Illustration from wikimedia.org photo
The latest Empowerment Scholarship Account (aka Vouchers on steroids) bill looked like it was going to be delayed for another year. The Senate passed it, but the House balked. Something about everyone getting a voucher—"You get a private school voucher! You get a private school voucher! You get a private school voucher!"—seemed a bit much to some. Helping millionaires pay for their private schools crossed the line with enough House Republicans to kill it.
But never fear. The bill is back in a diminished form. It now includes every student on free or reduced lunch, which means if you're a family of four and make more than $44,863, no voucher for you. There are already other ways for students to qualify in the earlier versions of the law: those with physical or educational handicaps, ELL students, Native Americans, children of military families, students who attended a D or F-rated school, things like that. But no new vouchers for people whose income is above the free/reduced lunch level in the new bill.
If the diminished bill becomes law, I honestly don't think it's going to make a dramatic difference in the short term. Giving families with little income something like $5,000 a year to spend on education doesn't amount to much. Some students will transfer to religious private schools which have low tuition, but if you're thinking of "private school" as some kind of high achieving prep school, those are mostly way, way out of the $5,000 a year price range. If the bill passes, a few families will bail from publicly funded schools, but unless they're looking for a religious education, they'll do just as well at a nearby district or charter school.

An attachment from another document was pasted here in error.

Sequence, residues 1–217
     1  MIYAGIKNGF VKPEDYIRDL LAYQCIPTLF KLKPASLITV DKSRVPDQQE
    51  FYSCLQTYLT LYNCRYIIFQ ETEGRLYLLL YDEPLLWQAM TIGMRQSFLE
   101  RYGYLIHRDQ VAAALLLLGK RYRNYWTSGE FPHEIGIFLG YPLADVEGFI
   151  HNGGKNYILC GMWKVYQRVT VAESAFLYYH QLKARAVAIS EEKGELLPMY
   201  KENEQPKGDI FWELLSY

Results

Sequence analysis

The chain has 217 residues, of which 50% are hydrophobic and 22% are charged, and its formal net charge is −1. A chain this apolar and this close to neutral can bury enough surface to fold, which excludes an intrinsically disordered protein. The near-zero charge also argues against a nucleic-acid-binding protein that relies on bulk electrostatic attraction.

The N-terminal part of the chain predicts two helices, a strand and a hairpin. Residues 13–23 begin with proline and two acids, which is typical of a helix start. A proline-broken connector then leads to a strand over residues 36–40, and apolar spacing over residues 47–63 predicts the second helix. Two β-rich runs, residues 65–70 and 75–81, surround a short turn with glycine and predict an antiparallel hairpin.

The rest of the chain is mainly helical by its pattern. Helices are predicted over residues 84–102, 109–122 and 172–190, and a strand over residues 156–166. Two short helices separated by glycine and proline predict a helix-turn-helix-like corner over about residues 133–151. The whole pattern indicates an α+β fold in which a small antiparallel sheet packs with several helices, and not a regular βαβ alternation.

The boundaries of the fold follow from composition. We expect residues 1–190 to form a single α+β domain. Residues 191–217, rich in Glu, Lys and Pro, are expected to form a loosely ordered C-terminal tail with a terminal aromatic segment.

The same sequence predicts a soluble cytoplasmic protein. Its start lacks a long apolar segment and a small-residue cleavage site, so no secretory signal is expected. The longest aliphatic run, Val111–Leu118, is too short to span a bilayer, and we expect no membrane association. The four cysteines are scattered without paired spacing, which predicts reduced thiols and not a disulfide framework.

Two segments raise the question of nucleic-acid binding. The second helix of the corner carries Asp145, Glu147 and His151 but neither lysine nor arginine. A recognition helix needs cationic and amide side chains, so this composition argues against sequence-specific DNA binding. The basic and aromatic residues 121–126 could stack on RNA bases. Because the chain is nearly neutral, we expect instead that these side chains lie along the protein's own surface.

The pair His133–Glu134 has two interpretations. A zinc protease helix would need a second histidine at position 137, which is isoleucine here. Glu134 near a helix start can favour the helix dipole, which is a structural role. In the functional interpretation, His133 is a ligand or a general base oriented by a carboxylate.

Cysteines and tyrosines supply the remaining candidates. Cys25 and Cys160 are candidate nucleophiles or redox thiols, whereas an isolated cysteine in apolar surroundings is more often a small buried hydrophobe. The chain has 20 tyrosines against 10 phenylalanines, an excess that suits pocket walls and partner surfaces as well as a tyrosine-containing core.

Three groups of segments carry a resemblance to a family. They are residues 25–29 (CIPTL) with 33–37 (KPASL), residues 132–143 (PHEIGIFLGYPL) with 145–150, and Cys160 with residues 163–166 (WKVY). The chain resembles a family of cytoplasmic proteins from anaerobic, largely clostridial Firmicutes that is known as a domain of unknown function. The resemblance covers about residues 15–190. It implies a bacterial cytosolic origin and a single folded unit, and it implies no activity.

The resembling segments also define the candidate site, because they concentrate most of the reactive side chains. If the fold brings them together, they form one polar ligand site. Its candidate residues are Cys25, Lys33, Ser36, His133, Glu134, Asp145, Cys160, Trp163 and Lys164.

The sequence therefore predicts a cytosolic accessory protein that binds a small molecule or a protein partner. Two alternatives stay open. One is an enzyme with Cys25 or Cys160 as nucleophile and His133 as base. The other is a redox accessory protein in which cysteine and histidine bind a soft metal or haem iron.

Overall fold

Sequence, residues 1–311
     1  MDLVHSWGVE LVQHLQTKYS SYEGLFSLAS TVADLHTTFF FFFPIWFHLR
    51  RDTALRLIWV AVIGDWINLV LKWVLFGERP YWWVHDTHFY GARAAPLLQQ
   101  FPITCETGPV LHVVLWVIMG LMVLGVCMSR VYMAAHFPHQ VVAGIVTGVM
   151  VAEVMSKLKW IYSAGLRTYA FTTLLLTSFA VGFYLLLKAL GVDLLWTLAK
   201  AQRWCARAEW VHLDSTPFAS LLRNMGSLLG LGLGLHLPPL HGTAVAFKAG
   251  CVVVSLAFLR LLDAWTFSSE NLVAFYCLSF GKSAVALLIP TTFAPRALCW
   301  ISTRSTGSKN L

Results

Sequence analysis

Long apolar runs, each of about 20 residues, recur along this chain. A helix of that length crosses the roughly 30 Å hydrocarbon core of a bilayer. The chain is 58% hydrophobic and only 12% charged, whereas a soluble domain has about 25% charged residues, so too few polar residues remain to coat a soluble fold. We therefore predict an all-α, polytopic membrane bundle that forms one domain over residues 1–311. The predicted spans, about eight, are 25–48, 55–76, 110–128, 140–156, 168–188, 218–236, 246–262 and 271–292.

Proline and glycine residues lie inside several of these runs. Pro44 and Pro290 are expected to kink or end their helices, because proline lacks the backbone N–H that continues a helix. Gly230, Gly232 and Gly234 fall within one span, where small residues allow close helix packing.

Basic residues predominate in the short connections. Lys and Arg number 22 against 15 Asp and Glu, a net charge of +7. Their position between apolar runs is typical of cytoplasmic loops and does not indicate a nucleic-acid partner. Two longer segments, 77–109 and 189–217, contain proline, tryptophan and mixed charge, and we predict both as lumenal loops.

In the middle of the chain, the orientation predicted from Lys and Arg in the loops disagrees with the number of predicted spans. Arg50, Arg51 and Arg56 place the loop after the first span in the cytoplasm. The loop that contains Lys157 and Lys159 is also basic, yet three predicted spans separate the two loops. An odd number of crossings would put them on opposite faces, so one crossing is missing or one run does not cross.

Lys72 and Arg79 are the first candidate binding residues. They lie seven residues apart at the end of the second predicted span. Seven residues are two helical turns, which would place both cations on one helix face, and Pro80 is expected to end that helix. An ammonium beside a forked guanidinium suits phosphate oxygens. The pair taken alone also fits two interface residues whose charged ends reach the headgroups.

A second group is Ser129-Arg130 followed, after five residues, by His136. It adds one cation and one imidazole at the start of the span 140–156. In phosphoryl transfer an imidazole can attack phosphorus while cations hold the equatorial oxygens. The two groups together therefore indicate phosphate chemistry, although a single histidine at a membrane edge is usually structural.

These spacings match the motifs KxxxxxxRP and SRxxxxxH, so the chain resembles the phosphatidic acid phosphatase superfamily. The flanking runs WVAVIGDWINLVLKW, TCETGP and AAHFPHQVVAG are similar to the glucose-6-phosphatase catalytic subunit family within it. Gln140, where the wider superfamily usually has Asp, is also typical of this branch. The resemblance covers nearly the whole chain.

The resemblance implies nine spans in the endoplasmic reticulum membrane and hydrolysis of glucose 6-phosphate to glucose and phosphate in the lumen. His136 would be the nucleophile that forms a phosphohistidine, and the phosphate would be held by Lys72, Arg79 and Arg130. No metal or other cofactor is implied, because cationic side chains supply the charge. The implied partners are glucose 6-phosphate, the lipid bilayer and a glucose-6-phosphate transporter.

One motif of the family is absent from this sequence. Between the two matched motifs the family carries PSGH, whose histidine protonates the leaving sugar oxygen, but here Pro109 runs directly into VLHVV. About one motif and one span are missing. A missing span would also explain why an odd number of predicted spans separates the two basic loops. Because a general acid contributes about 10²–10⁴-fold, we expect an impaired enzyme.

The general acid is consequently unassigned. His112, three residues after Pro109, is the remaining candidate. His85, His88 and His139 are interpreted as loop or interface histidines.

The only reason Sen. Debbie Lesko, the sponsor of the bill, reintroduced it is to take her one step closer to her dream of universal vouchers. Every time you get the GOP elephant's privatization trunk a little further into the education tent, you get closer to cramming the entire animal inside and pushing everything else out. If she gets the new bill through, this time next year she's sure to put a new bill forward that completes the job.
On the federal front, John McCain knows he's going to have a tough primary fight, so he's going full Pander Bear with a bill to woo the Native American vote. It's the Native American Education Opportunity Act
, which would give ESA accounts to Native Americans living on Indian reservations. If you were paying attention earlier, you saw that Native Americans are already included in the Arizona ESAs, but there's a difference. McCain's bill would give students 90 percent of what the Bureau of Indian Education spends, which is $10,000 per student or more, significantly higher than the run-of-the-mill Arizona ESA. But even if this becomes law—and I'd say it's a long shot—I don't see it having a significant effect on reservation education.
Vast distances separate students on the reservation, which means lots of long distance busing. That eats up a big chunk of the extra BIE money. When the schools are far from cities, you have to find a way to lure non-reservation teachers there, which can mean costly extra financial perks. To create a private school with a 100 or more ESA kids would be a major enterprise. How many people are going to try?
Here's an interesting bit of information, if it's true, and I'm pretty sure it is based on research I did. There aren't a lot of charter schools on Arizona reservations, but they often spend about as much as the BIE schools: $10,000 or more per student. Many reservation students are ELL students or they're assessed as having learning problems, which means more money for those students, and the charters on reservations get federal dollars on top of state dollars. So if charters are already spending more than $10,000 per student, and the BIE schools spend a similar amount, what new will the "invisible hand of the private school marketplace" bring to the table? In my opinion, not much.